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Tucked away in the Biden administration’s massive American Jobs Plan is a proposal to spend $400 billion over eight years for homecare services funded by Medicaid, the joint state-federal health care program for the low-income.
Last week, Democratic leaders announced plans to include this proposal in their massive, controversial $3.5 trillion “human infrastructure” package.
The purported goal of the new spending is to help seniors stay in their homes while receiving needed medical care, rather than going into a nursing home or assisted living facility.
In short, it’s not really about helping seniors, it’s about helping unions and growing government at the expense of the rest of us – especially seniors, taxpayers, and home health aides.
Americans should politely tell Congress, “No, thanks.”
The biggest reason to say no? It isn’t really about helping seniors. Just listen to White House:
These investments will create new jobs and offer caregiving workers a long-overdue raise, stronger benefits, and an opportunity to organize or join a union and collectively bargain. (Emphasis added.)
Now, what on earth does unionizing homecare workers have to do with helping seniors stay out of nursing homes? If you think the answer is “nothing” – you’re right.
But if you’re a union leader, you know that more union members means more union dues, which means fatter union coffers, when means more pay and political power for you.
That’s why labor activists have spent years trying to use government funding as a hook to get private-sector homecare aides reclassified as government employees for unionization purposes. Once they’re “government employees,” they can more easily be compelled to pay union dues.
And that’s why, despite receiving a clear rebuff in the Supreme Court in 2014 (Harris vs. Quinn), unions and their public-sector allies continue to come up with schemes to “skim” federal Medicaid dollars from homecare aides.
Biden’s plan would turn those schemes into public policy, at homecare workers’ expense. No wonder Big Labor loves it.
If the plan is enacted, expect the home care industry to become more rigid and bureaucratic. That would be bad for seniors.
Where medical professionals are government employees, and thus tend to be unionized, workplace slowdowns and wildcat strikes are not uncommon. In Canada, for example.
Today, more than half of all long-term care in America is funded through Medicaid.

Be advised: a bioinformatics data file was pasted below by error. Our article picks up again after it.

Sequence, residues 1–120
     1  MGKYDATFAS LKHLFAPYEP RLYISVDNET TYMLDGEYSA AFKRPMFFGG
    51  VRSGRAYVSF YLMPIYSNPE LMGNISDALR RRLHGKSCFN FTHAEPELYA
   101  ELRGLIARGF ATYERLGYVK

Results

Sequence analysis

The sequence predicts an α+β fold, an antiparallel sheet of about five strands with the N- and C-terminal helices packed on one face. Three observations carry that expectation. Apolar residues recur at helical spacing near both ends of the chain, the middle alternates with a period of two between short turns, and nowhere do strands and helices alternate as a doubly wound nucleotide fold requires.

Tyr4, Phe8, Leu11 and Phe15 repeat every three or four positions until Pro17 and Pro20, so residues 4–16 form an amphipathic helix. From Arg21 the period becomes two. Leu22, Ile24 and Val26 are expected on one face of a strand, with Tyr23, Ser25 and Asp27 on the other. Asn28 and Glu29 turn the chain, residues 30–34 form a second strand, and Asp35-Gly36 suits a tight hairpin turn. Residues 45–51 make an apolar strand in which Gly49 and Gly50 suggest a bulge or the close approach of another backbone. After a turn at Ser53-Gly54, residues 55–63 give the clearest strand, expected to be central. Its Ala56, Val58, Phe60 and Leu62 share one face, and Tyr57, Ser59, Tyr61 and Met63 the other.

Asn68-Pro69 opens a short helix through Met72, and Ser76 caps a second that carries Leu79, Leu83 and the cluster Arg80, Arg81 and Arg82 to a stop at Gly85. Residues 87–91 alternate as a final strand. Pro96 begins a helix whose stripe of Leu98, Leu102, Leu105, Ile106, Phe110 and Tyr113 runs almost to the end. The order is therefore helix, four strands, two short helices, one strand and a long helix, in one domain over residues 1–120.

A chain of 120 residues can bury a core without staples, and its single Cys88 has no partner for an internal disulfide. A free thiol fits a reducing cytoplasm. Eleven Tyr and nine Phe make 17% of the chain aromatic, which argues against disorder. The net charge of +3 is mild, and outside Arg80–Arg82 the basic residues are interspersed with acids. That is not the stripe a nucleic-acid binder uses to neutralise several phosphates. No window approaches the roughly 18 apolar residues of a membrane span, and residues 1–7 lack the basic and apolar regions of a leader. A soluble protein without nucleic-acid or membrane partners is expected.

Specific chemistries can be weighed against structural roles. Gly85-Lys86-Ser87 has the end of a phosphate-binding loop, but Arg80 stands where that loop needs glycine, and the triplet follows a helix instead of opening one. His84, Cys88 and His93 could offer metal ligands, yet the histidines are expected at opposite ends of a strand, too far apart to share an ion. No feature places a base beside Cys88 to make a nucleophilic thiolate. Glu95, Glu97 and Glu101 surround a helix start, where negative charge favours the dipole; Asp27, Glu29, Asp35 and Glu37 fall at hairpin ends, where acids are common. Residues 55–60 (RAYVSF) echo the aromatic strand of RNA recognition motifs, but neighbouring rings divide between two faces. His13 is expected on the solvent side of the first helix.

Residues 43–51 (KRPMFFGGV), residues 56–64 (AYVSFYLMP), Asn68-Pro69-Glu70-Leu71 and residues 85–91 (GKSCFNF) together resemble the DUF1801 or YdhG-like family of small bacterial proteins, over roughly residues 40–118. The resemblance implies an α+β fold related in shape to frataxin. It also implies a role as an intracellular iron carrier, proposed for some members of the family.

In fact, Medicaid has grown from humble beginnings in the 1960s as a relatively modest safety-net for the low-income into a massive, middle-class entitlement with more than 80 million enrollees – nearly one in four Americans.
The drafters of the “human infrastructure” package want to expand Medicaid still further by spending tens of billions to extend eligibility to about 2.2 million able-bodied childless adults, most of whom are already eligible for private or workplace coverage.
These lawmakers also propose to expand Medicare benefits by $300 billion and Affordable Care Act subsidies by $165 billion.
In short, it’s about expanding government’s involvement in our lives.
While we need strong government health care safety nets, pouring more money into today’s broken, bloated Medicaid program would amount to public policy malpractice.
Instead of growing Medicaid, we should restore to its original mission. Re-focus it on helping the truly needy. Modernize how it’s funded and give states dramatically more flexibility to set the rules, eliminate red tape, and remove needless barriers between patients and the medical professionals they trust.
Biden’s proposal would pump $50 billion a year into home and community-based services (HCBS). That would be a roughly 70 percent increase over what Medicaid spent on those services in 2018. And a 40 percent increase over the $129 billion it spent that year on all forms of long-term care.
Thankfully, cooler heads in Congress are starting to prevail, demanding that new spending not add to the deficit. It’s common sense.
While helping seniors stay in their own homes is a worthy goal, Biden’s homecare plan is not really about that. It’s really a $400 billion giveaway to Big Labor and an unnecessary budget-buster. More ominously, it’s a step toward a complete government takeover of health care.
Americans should politely decline this deal – and certainly not support its inclusion in any so-called infrastructure package.
Instead of more government, what all of us, of every age and income level, need and deserve is a personal option: a set of smart, sensible reforms that ensure we all have access to the high-quality health care we need, when we need it, with the quality we deserve, at a price we can afford, from the medical professionals we trust.
Learn more about the health care solutions that comprise the personal option.